The court will determine the child’s best interest by considering the following factors:

–        The grandparent and child relationship  

–        The grandparent’s mental and physical health

–        The child’s preference for visitation

–        The financial support and emotional support provided by the grandparents

–        The grandparent’s ability to provide child with material needs like health care, food, and clothing

 

Nevada Family Law Attorney

Every family is different. If you have been denied visitation rights, seek an experienced family law attorney. The process for determining the best interest of a child is complex. Contact Work Law today so we can help you regain your relationship with your grandchild.

Do you have a right to Alimony/Spousal Support?

 Spousal support and alimony attorney reno, nv

Alimony, or spousal support, is a court-ordered payment made from one party to the other party after divorce. Its purpose is to provide financial support for the party who was not working or earned substantially lower income than their spouse. State laws vary on how alimony is paid, but in Nevada is it typically paid in regular payments. Depending on the length or marriage and financial position of the divorcing couple, spousal support allowances are determined by the Court (NRS 125.150).

Nevada courts recognize three types of alimony or spousal support that may be awarded to either party in a divorce case.  

Types of Alimony

–        Temporary – Temporary alimony is awarded during the divorce proceedings and is intended to help cover short-term living expenses.

–        Rehabilitative – Rehabilitative alimony is also awarded short-term. It is meant to give the receiving party time to adjust financially to their new lifestyle and become self-supporting. This support is typically used to develop work skills, take trainings, and earn credentials.

–        Permanent – Permanent alimony is paid to the receiving party of long-term marriages. This type of alimony is granted when temporary alimony is not sufficient and rehabilitative alimony is not reasonable. Typically, the receiving party’s age and ability to work is an important factor. Permanent spousal support is paid until death of the payor or the receiving party is remarried.  

For the Court to consider spousal support, one party must have a genuine need for financial support after divorce, and the other party must have the funds to support it.  The Court will consider the following factors of each individual when determining whether or not to grant alimony and in what amount (NRS 125.150(9)):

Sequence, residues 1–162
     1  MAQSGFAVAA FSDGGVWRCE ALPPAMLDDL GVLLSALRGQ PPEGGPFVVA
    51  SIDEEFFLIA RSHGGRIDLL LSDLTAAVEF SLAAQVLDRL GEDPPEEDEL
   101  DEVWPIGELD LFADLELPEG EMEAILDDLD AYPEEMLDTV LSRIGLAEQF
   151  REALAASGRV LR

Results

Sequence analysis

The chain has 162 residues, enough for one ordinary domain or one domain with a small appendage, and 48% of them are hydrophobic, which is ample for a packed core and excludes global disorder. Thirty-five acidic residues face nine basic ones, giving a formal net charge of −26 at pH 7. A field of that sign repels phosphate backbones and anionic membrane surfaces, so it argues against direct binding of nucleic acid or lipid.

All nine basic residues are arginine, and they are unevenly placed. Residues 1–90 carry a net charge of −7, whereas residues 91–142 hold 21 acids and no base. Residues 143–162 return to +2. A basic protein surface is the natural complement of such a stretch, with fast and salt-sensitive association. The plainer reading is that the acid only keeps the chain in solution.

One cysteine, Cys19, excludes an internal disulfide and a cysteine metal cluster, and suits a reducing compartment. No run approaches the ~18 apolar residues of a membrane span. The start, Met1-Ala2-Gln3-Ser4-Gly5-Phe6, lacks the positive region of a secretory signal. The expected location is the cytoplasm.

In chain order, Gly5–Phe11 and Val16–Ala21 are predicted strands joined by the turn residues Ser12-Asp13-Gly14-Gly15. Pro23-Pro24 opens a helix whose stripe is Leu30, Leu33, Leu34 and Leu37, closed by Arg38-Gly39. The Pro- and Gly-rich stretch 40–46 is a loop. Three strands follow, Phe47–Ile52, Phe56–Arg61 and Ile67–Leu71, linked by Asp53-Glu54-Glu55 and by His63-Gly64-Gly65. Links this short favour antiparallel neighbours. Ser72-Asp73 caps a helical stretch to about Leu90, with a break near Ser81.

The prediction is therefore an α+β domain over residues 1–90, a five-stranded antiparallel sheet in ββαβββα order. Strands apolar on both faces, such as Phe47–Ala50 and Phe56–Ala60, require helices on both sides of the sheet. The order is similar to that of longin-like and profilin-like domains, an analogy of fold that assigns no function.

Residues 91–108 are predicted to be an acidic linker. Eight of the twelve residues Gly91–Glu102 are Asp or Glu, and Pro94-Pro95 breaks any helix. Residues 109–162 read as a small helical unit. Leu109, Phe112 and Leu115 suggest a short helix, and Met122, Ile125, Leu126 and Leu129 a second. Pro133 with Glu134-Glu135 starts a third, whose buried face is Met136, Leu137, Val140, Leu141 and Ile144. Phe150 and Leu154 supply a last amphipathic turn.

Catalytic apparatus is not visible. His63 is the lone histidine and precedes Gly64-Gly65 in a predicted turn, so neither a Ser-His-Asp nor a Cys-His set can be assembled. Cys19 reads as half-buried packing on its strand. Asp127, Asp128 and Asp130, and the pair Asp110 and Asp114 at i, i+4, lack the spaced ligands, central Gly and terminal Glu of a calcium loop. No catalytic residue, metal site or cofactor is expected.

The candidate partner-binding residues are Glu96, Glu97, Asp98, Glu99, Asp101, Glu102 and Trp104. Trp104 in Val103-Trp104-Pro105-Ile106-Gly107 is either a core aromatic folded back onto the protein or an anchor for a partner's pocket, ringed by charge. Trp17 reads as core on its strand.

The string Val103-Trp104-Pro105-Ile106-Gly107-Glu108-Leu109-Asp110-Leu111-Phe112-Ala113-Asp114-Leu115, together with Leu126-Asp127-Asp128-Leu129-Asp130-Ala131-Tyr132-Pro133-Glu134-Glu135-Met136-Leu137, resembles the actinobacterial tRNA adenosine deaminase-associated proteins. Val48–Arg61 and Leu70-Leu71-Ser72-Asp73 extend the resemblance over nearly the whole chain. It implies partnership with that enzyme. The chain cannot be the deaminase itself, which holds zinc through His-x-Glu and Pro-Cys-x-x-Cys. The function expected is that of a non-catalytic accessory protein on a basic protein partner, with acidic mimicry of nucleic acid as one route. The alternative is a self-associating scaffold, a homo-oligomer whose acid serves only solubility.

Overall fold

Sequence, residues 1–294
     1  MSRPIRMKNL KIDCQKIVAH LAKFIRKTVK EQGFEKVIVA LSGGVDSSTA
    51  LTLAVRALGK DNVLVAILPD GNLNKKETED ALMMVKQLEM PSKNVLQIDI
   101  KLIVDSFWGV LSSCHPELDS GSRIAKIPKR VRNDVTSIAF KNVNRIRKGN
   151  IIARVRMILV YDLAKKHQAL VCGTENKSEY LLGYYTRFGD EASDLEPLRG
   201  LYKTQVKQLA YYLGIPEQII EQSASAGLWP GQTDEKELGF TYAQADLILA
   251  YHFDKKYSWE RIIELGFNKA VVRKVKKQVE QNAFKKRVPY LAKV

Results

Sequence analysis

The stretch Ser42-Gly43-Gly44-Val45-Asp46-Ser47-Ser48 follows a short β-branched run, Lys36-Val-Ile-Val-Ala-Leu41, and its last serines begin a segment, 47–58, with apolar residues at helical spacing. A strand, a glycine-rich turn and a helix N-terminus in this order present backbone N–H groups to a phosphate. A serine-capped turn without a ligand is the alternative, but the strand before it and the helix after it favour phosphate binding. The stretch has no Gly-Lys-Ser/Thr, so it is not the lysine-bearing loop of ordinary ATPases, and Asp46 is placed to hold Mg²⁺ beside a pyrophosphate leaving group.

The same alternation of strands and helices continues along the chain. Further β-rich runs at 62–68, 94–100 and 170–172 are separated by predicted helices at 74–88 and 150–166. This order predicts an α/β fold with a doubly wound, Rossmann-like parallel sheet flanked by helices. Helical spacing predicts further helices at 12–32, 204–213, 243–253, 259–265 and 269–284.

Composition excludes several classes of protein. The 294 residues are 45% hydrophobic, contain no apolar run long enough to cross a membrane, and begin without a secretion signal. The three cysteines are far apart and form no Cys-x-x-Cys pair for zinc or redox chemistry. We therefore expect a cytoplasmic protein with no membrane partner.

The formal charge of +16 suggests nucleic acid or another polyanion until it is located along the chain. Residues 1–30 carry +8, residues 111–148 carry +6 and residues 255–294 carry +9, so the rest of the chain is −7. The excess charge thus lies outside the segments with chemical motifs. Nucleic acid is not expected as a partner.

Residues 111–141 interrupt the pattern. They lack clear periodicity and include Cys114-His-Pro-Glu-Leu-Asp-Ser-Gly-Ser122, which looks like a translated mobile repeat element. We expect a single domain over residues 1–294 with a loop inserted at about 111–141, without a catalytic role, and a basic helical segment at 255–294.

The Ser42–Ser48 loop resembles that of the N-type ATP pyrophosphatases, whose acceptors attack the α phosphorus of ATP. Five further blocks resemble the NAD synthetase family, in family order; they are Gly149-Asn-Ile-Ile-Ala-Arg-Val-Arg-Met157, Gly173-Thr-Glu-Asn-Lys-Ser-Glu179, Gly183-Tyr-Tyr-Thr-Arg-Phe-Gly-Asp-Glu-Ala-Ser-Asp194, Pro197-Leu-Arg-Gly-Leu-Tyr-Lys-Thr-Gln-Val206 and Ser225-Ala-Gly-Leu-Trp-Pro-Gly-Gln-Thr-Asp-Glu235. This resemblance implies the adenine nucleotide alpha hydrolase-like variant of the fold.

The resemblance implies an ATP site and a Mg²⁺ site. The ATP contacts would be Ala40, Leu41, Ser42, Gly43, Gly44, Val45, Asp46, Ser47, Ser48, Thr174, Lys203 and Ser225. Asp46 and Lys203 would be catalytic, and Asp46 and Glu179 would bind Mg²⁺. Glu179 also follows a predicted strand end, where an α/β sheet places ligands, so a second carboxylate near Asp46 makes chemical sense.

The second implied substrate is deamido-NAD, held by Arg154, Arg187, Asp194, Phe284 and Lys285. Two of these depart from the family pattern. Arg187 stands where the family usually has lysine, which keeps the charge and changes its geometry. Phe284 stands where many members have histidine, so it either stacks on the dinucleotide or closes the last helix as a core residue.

– financial position

– value of property

– contributions to any property

– duration of marriage

– income and earning capacity

– age and health

– career history before the marriage

 

Reno Alimony and Spousal Support Attorney

Whether you need solid legal representation to help secure alimony, or if you are faced with undesirable spousal support payments, we can help. Our spousal support attorney will take a tailored approach to your family law needs and will advocate your rights. Don’t wait until it’s too late. Contact our office today at 775-386-2226 to schedule a free consultation.

Joint Petition Divorce in Reno

 Joint Petition Divorce

If you need a divorce in Nevada, a joint petition may be a good place to start. 

Joint Petition Divorces in Nevada

Agreeing on divorce parameter as spouses make the whole divorce process simpler and faster in Reno. Sometimes you may not even need a family lawyer. Your divorce papers detailed or not ought to act in accordance with Reno NV divorce law. Uncontested divorce cases require the services of an uncontested divorce lawyer. This will help prevent future problems that arise from mistakes made in uncontested divorce cases.

Why you need help in uncontested divorce case

You are likely to pay a high price for the slightest mistake in an uncontested divorce case in the future. This is why it is imperative to make right decisions in regard to child support, child custody among others. The terms should be fair and acceptable by both of you and in accordance to Reno NV divorce law of course.

Don’t underrate any of the agreements or assume that it is not necessary to formalize them on grounds that you trust your ex-spouse to be. Remember that you are only sure about today and tomorrow is always a mystery. Here are the things you should not joke around with during the uncontested divorce case;

  • Your children; at least hire a family lawyer to provide you with a clear and all-inclusive parenting plans. A lawyer will help you understand your responsibilities and rights when it comes to your children `